Hyperbaric oxygen therapy
reduces astrogliosis and helps to recovery brain damage in hydrocephalic young rats.
Childs Nerv Syst. 2018 Apr 18;:
Authors: da Silva SC, Feres O, da Silva Beggiora P, Machado HR, Menezes-Reis R, Araújo JE, Brandão RA, da Silva Lopes L
PURPOSE: We investigated the possible beneficial effects that hyperbaric oxygen therapy
could offer in different brain structures affected by ventriculomegaly in pup rats submitted to experimental hydrocephalus.
METHODS: Seven-day-old Wistar rats were submitted to hydrocephalus by intracisternal injection of 10% kaolin into the cisterna magna. The animals were divided into four groups: control (n = 5); control with HBOT (3ATA/2 h/day) (n = 5); untreated hydrocephalic (n = 10); hydrocephalic treated with HBOT (3ATA/2 h/day) (n = 10). The treatment with HBOT was performed daily for 14 days post-induction of hydrocephalus. To evaluate the response to treatment, behavioral tests (open field, Morris water maze, and activity monitor) were performed. After 14 days, the animals were euthanized, and the brain was removed for histological (hematoxylin-eosin and solochrome-cyanine) and immunohistochemical (GFAP and Ki-67) studies.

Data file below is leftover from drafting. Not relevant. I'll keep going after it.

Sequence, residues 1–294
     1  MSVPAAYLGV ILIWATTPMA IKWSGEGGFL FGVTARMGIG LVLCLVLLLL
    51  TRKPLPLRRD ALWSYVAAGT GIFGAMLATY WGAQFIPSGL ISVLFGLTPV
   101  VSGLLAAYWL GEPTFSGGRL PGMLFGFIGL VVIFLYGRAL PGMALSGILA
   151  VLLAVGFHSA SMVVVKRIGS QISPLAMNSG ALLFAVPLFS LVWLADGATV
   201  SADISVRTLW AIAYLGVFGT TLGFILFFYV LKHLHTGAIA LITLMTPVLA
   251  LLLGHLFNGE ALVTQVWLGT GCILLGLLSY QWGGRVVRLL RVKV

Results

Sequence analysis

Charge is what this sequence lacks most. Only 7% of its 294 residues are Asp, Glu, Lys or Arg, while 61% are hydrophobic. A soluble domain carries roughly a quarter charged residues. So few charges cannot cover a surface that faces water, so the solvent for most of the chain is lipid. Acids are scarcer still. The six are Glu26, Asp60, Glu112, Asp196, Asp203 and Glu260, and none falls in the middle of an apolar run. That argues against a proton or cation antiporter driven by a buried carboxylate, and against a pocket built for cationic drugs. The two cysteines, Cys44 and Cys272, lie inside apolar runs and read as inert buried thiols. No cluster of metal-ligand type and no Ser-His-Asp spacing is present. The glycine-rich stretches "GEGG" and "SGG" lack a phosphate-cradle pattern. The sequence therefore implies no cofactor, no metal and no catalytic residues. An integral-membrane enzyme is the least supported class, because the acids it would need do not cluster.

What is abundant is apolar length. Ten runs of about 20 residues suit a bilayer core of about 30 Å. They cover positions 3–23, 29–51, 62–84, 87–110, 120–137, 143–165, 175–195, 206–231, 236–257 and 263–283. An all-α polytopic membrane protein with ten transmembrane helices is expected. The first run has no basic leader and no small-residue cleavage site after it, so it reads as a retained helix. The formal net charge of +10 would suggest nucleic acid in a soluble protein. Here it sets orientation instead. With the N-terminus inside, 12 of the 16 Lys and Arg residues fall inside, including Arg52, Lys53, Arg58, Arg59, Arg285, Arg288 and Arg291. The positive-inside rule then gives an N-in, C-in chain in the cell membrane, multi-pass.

RESULTS: The hyperbaric treatment
, although not causing changes in ventricular enlargement, resulted in a significant improvement in the behavioral performance (p = 0.0001), with greater agility and exploration of the environment, preservation of spatial memory, and greater learning capacity (p = 0.0001). Through the immunohistochemical study, the astrocytic activity (glial fibrillary acidic protein) in the corpus callosum (p = 0.0001) and in the germinative matrix (p = 0.0033) was significantly reduced as compared to that in the H group.
CONCLUSION: The results suggest that hyperbaric treatment
bettered the behavioral performance and offered benefits to the structures affected by the ventricular increase helping to recover the brain damages. In this way, the HBOT it can be considered an adjuvant therapy for the treatment of hydrocephalus.
PMID: 29671042 [PubMed - as supplied by publisher]